I have been studying this lecture from Scott Aaronson: https://www.scottaaronson.com/democritus/lec9.html

In the section "Mixed states", he says you can find the combined state by using the density matrix, and summing. I understand that part.

Further down, in the section "Real vs Complex Numbers", he says if you know the state of two quantum systems, you can find their "combined" state by using the tensor product.

I don't understand when to use the density matrix combination method or the tensor product method. What is the difference between what these two methods calculate?


Starting with a pure state $$ \rho_n = |\psi_n\rangle\langle\psi_n| , $$ one can form a mixed state by adding several such pure states $$ \rho = \sum_n P_n \rho_n , $$ where $P_n$ represents probabilities, such that $$ \sum_n P_n = 1 . $$ What this means is that there is some ignorance so that the best information is represented by having different pure states that can be observed with different probabilities. If the pure state represent a single particle, then the mixed state is still that of a single particle.

A tensor product represents multiple particles. I $\rho_1$ and $\rho_2$ are respectively single particle states, then $$ \rho=\rho_1\otimes\rho_2 $$ represents a two-particle state. In this case, the respective one particle states can either be mixed or pure.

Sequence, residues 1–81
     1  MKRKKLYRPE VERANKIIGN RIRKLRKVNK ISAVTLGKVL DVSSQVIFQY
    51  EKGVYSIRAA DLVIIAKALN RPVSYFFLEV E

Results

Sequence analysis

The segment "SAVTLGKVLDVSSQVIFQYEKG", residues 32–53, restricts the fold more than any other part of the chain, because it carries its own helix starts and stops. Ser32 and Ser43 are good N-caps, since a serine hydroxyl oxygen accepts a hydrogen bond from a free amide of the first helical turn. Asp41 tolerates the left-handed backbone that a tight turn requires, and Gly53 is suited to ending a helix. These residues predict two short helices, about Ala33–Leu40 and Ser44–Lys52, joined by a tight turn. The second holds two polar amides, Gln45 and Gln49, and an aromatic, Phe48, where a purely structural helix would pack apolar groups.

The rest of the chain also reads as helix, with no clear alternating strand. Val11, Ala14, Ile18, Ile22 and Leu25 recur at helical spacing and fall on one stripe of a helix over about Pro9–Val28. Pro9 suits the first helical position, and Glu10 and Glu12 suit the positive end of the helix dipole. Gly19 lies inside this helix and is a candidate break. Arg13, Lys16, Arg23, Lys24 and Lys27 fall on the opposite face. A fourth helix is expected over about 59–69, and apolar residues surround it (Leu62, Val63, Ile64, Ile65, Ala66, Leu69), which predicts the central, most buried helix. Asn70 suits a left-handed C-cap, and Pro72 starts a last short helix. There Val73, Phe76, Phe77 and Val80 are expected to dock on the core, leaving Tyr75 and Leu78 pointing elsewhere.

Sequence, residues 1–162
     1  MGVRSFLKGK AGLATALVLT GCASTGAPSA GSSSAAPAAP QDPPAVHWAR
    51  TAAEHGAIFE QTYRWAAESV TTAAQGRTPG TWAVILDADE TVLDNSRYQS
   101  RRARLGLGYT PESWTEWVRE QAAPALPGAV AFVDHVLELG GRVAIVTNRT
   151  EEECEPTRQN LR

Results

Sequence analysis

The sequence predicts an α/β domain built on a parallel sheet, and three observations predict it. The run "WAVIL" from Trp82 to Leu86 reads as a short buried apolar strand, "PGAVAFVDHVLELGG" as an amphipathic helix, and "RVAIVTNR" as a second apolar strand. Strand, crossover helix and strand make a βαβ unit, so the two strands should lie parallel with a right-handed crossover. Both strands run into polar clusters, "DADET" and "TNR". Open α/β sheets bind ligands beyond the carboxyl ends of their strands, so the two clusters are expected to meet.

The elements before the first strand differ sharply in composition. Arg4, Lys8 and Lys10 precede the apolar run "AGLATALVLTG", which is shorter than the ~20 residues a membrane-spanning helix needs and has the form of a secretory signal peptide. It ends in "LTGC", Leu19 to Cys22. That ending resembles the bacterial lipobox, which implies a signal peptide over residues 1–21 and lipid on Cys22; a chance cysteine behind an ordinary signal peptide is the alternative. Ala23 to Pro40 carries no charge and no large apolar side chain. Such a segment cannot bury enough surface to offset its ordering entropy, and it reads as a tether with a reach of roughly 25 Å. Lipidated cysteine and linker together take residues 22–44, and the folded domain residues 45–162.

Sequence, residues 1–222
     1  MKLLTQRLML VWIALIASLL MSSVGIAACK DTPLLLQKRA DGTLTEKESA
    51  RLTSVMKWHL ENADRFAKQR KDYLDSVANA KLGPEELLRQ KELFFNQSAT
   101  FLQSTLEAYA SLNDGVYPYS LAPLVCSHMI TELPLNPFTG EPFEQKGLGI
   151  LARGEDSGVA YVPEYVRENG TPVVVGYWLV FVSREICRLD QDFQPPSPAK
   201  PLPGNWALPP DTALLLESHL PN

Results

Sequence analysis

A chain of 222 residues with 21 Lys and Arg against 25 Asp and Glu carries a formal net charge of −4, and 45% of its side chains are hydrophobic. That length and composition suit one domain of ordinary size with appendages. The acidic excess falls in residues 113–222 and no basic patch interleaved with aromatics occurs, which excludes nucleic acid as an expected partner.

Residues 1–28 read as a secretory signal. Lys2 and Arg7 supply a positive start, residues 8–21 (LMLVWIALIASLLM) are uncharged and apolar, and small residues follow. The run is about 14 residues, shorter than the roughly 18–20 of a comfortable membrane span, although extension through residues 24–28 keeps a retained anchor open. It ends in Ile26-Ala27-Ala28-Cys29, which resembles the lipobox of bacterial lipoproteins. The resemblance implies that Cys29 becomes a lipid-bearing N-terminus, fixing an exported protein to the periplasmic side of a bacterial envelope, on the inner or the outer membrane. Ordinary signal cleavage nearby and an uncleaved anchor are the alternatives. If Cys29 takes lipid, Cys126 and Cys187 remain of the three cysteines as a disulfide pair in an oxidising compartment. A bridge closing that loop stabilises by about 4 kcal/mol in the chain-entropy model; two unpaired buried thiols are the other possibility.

Hope this explanation clarifies the difference.

  • $\begingroup$ Thanks for your answer. However, I am still a little confused: if the mixed state is for a single particle, and the tensor product represents multiple particles... What if we considered each individual state of a "single" particle as different particles? For example: an election with |0> we call it "zectron", |1> we call it "onetron". Then it's "two" particles, and shouldn't their combination be a tensor product? $\endgroup$
    – l3utterfly
    Nov 5 '20 at 9:55
  • $\begingroup$ A single particle can have different states. Think for instance of the different states of polarization. One can form superpositions of such different states, but the result is still a single particle. $\endgroup$ Nov 5 '20 at 11:53

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